Injured or orphaned deer

Adult deer

Most injured deer are the victims of collisions with vehicles. Unfortunately, there are few medical options for injured adult deer. They are severely traumatized by being captured and their fear can result in further trauma or death.

If the deer is down and unable to get up, the most humane option is to have the deer destroyed to prevent prolonged suffering. Contact your local DNR conservation officer, police department, or sheriff's department and report the exact location of the deer.

If you observe an injured deer that is able to move and walk, call a wildlife expert to help evaluate the situation. You may provide assistance to the animal by establishing a feeding station containing cracked corn, apples, sunflower seeds, and alfalfa. Provide protection so the animal may rest by keeping dogs and humans away from the injured deer.  There may be a local ordinance that prohibits the feeding of wild animals. Contact a wildlife rehabilitator, wildlife facility, or a wildlife veterinarian as soon as possible.

Fawns

If the fawn has an obvious injury, is bleeding, feels cold or looks sick, is attempting to move away but is falling over, or crying or whimpering for more than one hour, this animal needs immediate help. Please review our Emergency Care information.

If the animal is not injured, review this information to further determine whether your wild animal needs assistance.

If you have found a fawn alone, the doe may only be off browsing for food. Fawns do not travel with the doe for the first few weeks of life. The doe will leave her fawn nestled in a safe place to await her return. Leave the fawn alone at this point and keep all children, pets, other humans away from the area. You may want to check the roads and roadsides in the area you found the fawn to see if there is a dead nursing doe. If none is found, you will want to observe the fawn from a distance. The doe may be hesitant to return if you are near by. Be patient. The doe may not attend to her fawn for several hours depending on the activity in the area. If the fawn has been left unattended for more than 6 hours, call Wildlife Exam Department for further advice during Animal Humane Society business hours.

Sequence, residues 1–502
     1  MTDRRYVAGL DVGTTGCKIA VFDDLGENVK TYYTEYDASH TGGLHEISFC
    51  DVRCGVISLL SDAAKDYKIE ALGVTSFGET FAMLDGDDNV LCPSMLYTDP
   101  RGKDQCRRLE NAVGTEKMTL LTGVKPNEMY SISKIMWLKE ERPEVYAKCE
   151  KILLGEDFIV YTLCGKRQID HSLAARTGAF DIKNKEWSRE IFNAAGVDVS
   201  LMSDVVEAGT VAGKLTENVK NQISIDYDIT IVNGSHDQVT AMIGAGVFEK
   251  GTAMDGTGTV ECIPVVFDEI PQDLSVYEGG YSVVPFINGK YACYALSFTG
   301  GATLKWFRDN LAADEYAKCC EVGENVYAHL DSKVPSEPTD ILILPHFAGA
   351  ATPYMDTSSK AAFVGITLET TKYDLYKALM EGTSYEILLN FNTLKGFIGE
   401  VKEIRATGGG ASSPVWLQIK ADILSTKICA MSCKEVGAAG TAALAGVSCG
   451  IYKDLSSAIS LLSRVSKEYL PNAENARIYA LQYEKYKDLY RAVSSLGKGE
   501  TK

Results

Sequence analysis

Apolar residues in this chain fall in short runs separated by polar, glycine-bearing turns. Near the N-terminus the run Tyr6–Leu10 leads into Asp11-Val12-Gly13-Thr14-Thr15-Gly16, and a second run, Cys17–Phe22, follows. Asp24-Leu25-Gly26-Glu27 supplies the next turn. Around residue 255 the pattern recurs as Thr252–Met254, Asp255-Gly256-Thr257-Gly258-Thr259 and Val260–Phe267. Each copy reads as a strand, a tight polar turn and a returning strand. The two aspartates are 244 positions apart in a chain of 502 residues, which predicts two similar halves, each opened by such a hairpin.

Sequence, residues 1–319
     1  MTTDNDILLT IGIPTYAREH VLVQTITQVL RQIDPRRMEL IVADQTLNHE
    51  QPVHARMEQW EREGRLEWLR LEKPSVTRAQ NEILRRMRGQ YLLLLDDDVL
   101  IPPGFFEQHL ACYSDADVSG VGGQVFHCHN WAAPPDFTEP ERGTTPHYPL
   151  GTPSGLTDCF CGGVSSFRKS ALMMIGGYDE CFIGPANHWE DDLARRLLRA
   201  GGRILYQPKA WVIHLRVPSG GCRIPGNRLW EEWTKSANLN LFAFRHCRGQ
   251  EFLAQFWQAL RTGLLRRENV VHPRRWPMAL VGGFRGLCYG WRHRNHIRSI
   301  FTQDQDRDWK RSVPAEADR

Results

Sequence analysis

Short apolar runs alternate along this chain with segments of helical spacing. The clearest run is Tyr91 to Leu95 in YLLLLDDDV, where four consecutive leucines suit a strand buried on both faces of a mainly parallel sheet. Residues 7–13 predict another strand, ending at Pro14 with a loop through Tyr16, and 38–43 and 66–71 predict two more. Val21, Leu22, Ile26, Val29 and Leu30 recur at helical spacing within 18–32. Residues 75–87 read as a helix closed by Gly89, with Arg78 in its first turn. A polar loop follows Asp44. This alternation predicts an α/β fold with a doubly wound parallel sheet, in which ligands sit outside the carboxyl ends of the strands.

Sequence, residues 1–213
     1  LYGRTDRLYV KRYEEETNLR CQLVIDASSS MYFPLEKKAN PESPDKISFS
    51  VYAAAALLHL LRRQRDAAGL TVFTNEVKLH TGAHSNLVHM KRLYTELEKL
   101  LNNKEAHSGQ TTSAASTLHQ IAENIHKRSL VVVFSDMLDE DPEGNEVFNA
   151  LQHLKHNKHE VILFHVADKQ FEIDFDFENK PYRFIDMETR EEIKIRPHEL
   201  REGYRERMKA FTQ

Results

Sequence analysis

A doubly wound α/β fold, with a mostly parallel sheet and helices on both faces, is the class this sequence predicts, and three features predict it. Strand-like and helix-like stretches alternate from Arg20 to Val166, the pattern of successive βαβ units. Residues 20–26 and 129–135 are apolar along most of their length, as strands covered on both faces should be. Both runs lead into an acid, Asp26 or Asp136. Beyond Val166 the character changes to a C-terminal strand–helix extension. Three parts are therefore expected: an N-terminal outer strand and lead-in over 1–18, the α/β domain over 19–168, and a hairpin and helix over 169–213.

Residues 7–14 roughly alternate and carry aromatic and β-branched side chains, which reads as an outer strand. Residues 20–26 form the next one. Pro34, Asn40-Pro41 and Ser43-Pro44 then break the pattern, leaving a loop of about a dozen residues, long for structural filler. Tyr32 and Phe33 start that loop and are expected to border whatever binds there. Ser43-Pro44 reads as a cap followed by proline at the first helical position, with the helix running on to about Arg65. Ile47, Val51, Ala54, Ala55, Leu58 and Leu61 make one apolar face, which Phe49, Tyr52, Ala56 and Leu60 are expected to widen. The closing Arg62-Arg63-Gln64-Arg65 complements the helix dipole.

If you are reasonably sure the mother is dead, the orphaned fawn will need immediate care. Carefully place the fawn in a warm, darkened enclosure with adequate ventilation. Provide the fawn with warm bedding that has no strings or loops to entangle the fawn’s legs. If you use a carrying kennel you must cover the inside of the wire door with cardboard to prevent leg injuries. Never place the fawn in a wire cage where its legs could be entangled. When you transport the fawn, the container should not be tall enough for the fawn to stand up. He will be safer in a nestled position.

Do not attempt to feed the fawn until its physical condition is assessed. Never feed cows’ milk to a fawn.

Contact a wildlife rehabilitator, wildlife facility, or a wildlife veterinarian as soon as possible. Do not keep the animal at your home longer than necessary. Get the animal professional help as soon as possible.

 Animal Humane Society's Golden Valley location provides care for all wild animals except skunks. We will provide phone advice for skunk situations. Please bring your wild animal directly to the Golden Valley location. If you need further advice or assistance you may call the Wildlife Exam at (763) 489-2223.